After a mysterious freestyle ski run in last year’s Winter Olympics, people called Elizabeth Swaney a scam artist and the worst athlete in the history of the games. They’re wrong.

If you happened to tune in to the Winter Games last year during the women’s halfpipe skiing competition, you might have caught one of the Olympics’ most perplexing moments. Halfpipe, which was introduced to the games in 2014, features an adrenaline-soaked spectacle: Skiers plummet down a steep track into a frozen ramp the shape of an empty motel swimming pool, before flying up the ramp’s 22-foot walls and launching high into the air for a series of bold tricks.

For years, the Olympics had been hemorrhaging viewers to the younger-skewing X Games. Adding halfpipe, among a slew of other freestyle skiing and snowboarding competitions, seemed like a clear bid to siphon back fans who craved big air. Last February, in the qualifying round in Pyeongchang, skier after skier hit the pipe ramp and soared into the sky, their bodies flipping and spinning. Then, Elizabeth Swaney — an Oakland native who’d been a last-minute add to the Hungarian team — started her run, and something really weird happened: She barely did any tricks.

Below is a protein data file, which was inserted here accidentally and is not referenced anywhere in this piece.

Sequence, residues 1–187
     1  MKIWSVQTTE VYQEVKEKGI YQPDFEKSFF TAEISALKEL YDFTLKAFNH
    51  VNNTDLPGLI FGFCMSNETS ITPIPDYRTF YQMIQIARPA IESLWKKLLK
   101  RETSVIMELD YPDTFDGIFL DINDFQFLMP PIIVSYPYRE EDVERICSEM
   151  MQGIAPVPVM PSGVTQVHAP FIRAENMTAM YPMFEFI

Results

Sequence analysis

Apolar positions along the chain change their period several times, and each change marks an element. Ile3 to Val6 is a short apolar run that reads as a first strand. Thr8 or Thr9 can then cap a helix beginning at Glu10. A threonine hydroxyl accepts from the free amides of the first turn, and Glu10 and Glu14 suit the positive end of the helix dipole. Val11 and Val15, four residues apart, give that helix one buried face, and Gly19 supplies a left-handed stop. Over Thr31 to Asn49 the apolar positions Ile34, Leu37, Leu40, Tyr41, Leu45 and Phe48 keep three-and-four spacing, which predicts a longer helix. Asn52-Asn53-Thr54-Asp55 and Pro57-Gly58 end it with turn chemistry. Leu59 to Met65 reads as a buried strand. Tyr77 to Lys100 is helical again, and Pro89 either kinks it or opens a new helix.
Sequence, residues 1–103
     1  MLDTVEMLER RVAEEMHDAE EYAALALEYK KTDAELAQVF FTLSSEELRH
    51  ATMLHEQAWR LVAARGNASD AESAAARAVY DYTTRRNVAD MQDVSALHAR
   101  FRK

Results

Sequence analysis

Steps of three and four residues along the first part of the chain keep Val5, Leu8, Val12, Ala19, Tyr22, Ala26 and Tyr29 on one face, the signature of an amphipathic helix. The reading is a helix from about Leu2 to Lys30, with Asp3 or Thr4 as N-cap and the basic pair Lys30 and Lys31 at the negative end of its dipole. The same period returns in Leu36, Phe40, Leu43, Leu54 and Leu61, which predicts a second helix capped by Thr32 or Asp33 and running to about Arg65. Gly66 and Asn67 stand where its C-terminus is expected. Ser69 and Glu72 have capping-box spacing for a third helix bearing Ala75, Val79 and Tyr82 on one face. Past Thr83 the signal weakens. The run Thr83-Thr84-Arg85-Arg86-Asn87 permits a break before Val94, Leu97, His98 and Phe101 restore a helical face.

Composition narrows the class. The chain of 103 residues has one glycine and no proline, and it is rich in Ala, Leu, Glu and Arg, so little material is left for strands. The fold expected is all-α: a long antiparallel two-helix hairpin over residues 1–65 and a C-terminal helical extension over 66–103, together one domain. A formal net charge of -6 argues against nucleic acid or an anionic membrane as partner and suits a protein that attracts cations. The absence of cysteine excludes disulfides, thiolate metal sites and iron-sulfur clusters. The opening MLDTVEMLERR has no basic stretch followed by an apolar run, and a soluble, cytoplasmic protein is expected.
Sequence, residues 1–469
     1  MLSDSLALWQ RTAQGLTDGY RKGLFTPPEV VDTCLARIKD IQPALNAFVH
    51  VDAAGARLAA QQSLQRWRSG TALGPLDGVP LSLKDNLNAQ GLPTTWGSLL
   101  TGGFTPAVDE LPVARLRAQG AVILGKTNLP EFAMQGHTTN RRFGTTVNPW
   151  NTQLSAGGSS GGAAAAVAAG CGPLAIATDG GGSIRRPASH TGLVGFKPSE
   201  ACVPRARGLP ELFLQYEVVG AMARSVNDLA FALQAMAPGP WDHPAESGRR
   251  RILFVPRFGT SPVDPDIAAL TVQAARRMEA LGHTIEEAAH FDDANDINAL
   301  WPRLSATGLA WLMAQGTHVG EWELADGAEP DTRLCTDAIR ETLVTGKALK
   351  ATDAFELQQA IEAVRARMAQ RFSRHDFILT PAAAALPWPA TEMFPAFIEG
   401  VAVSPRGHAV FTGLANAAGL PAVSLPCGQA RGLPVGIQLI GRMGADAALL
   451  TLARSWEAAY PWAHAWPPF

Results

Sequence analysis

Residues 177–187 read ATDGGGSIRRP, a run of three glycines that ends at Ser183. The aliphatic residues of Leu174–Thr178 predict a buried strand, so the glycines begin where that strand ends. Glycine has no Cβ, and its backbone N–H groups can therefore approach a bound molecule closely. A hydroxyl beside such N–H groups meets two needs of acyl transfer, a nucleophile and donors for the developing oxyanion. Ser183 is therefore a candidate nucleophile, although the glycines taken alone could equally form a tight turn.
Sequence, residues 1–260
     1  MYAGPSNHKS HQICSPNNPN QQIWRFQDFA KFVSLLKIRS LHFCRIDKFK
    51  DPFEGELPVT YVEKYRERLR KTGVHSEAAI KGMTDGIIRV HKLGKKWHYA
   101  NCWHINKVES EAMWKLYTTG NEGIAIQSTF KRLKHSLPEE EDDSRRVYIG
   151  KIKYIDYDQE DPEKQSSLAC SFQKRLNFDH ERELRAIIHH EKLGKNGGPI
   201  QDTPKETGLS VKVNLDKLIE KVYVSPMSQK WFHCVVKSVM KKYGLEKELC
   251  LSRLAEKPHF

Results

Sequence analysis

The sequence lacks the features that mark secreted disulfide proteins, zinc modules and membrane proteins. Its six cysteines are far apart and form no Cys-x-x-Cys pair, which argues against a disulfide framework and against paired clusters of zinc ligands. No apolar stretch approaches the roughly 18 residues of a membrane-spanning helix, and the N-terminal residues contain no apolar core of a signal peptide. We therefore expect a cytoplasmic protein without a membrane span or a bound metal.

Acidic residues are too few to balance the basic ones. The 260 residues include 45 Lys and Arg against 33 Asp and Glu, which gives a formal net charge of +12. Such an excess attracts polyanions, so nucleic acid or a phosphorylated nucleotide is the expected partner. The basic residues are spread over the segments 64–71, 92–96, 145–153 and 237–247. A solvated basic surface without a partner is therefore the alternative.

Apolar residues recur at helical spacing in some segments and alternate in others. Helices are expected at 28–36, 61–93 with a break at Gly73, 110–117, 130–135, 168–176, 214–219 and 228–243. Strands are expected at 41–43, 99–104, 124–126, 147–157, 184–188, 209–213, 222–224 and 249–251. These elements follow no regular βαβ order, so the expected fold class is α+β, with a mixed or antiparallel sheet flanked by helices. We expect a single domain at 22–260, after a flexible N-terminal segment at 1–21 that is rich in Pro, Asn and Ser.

Instead, she rose neatly up and down the sides of the ramp in bizarrely underwhelming fashion, as the TV announcers, thoroughly confused, narrated the action: “Liz dropping in … just getting up to the top of the wall.… Easing up to the top of the wall, showing the judges she can make it down this halfpipe clean.” The overall effect was of a basketball player dribbling up and down the court while never shooting the ball, or a figure skater cruising in circles on the ice without a single jump.

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